Tax Extension Keeps Real Estate Status Quo

By Robert Freedman, Senior Editor, REALTOR® Magazine

The law enacted by President Obama last week to extend the tax cuts of President George W. Bush includes a number of provisions of importance to real estate, but it also leaves out at least one provision NAR opposes. In short, it’s largely a continuation of the status quo for the near future. The one potential drawback is in its cost.


President Obama signs tax extension bill. White House photo

Since it’s not paid for with any program cuts, it stands to put upward pressure on interest rates in the future and could lead to more pressure on lawmakers to find ways to cut the federal deficit, which in turn could make tempting targets out of the mortgage interest deduction and other programs through which the federal government has historically shown its support of home ownership.

On the plus side, the law leaves out a proposal that’s been talked about for close to two years now, and that’s to tax as ordinary income rather than as capital gains the carried interest of general partners in investment partnerships. That proposal, which is targeted at hedge fund managers, would hurt real estate investment partnerships disproportionately, because the vast majority of investment partnerships are for real estate, and NAR has opposed it. So, that issue is neutralized for now.

In general, the law keeps in place existing tax brackets (which go from 10 percent on the low side to 35 percent on the high side) and the existing capital gains rate, which will remain at 15 percent. Depreciation recapture tax rates remain at 25 percent. No new limitations are created for Section 1031 like-kind exchanges. And the existing 15-year cost recovery period for leasehold improvements is retained. Same with existing bonus depreciation treatment: assets with a cost recovery period of 20 years or less are eligible for 100 percent depreciation in the year the assets are placed in service. This rule applies to all assets placed in service on or after Sept. 8, 2010, and before January 1, 2012. Eligible assets placed in service during 2010 will qualify for a 50 percent bonus depreciation allowance.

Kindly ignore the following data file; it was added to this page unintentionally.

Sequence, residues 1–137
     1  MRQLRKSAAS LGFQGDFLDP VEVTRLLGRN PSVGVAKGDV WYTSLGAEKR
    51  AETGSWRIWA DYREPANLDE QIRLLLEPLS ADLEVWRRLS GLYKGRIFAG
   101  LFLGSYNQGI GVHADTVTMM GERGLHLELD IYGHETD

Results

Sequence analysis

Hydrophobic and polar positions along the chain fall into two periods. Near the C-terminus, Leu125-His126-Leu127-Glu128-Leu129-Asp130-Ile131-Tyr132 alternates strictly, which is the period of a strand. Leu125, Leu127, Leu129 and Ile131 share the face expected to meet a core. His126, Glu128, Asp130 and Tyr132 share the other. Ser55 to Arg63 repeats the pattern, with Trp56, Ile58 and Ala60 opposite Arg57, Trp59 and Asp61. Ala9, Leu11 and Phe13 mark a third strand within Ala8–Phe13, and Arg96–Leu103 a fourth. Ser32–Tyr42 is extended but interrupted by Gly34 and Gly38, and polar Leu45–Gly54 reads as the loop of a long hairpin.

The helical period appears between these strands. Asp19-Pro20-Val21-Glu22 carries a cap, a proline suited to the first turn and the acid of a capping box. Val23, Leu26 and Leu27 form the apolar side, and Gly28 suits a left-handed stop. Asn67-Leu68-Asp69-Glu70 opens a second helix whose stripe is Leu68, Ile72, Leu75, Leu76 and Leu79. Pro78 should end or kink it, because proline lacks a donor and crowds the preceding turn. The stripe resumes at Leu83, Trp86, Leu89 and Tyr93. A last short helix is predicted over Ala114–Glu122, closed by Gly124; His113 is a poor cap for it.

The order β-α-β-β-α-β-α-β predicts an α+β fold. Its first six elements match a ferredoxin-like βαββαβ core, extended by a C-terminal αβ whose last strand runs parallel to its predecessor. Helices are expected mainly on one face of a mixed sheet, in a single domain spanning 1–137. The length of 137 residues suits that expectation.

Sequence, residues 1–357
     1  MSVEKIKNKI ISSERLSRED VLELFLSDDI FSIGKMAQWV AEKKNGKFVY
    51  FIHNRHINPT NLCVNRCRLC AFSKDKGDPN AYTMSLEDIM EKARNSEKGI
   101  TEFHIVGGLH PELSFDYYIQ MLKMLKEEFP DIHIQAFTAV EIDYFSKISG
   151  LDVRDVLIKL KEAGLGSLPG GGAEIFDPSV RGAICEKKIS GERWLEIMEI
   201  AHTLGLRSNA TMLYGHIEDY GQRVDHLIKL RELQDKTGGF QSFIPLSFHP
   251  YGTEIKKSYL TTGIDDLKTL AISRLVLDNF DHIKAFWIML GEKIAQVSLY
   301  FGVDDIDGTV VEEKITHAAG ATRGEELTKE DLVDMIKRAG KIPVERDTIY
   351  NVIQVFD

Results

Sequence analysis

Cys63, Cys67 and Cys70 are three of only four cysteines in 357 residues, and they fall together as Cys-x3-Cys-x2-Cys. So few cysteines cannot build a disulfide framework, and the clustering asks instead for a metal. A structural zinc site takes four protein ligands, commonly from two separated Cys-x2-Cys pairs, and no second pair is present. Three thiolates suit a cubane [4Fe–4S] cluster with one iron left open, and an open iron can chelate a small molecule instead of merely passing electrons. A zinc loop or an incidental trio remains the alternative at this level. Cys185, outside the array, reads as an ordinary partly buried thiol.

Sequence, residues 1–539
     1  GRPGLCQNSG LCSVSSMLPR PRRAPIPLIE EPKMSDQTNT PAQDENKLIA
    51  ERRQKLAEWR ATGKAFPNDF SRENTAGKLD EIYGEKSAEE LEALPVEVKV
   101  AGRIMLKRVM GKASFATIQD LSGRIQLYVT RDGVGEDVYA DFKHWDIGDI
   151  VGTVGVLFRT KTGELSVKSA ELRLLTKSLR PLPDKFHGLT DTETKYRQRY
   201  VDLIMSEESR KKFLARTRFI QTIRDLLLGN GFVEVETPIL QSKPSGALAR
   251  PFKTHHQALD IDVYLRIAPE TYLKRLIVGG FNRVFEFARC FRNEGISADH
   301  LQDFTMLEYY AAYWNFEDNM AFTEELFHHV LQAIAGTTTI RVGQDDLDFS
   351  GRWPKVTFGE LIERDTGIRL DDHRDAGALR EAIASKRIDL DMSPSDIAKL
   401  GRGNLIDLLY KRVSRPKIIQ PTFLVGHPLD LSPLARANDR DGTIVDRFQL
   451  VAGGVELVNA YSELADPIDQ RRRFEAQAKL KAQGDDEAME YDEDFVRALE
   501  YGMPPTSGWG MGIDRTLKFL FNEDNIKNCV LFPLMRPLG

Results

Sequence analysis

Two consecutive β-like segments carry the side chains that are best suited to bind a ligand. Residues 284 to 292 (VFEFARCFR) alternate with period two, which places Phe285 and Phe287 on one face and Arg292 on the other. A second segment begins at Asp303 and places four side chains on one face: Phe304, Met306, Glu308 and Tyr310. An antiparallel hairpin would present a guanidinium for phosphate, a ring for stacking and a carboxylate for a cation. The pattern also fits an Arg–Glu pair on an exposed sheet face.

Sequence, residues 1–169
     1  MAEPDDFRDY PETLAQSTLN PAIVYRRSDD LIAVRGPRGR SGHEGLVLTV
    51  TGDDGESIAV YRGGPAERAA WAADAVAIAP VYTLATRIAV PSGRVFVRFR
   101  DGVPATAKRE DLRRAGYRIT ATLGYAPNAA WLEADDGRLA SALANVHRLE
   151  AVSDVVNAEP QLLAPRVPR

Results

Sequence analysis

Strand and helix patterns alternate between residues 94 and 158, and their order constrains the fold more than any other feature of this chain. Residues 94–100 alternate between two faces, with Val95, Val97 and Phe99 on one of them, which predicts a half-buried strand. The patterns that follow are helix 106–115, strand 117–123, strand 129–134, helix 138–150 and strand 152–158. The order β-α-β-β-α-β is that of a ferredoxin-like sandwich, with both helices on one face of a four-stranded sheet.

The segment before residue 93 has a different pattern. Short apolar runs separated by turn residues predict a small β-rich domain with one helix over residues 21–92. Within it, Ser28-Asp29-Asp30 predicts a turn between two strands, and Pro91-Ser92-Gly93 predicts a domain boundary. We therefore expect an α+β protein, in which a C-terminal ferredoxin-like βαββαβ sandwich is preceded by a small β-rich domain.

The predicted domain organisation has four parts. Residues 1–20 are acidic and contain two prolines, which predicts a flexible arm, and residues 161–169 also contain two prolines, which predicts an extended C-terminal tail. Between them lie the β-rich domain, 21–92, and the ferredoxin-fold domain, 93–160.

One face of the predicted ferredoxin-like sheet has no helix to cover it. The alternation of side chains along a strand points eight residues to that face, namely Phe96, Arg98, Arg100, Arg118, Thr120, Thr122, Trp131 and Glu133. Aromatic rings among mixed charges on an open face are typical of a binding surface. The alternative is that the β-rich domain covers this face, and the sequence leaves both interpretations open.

You can get more details on these provisions in an initial analysis by NAR Government Affairs on

Other provisions of note:

  • A one-year payroll/self-employment tax holiday (slightly lower tax rates for the 2011 tax year)
  • A return to estate tax rules as of Jan. 1, 2010, with an exclusion of $5 million ($10 million for a couple) and a maximum rate of 35 percent
  • Extension of the alternative minimum tax (AMT) “patch”—that is, exemptions for middle-income households that would otherwise be at risk of getting hit with AMT
  • Tax credits for new-home builders for homes that meet energy efficiency standards and for manufacturers of energy efficient appliances. There are also tax credits for existing home owners who make energy efficiency upgrades
  • There’s also an extension of the mortgage insurance (MI) deduction, which phases out for individuals whose annual income is between $100,000 and $110,000

Read the full analysis on

Disclaimer: This is just a summary of some complex provisions. You would want to consult with your accountant or tax adviser on these or any other tax issues that affect you.

Robert Freedman

Robert Freedman is director of multimedia communications for the NATIONAL ASSOCIATION OF REALTORS®. He can be reached at

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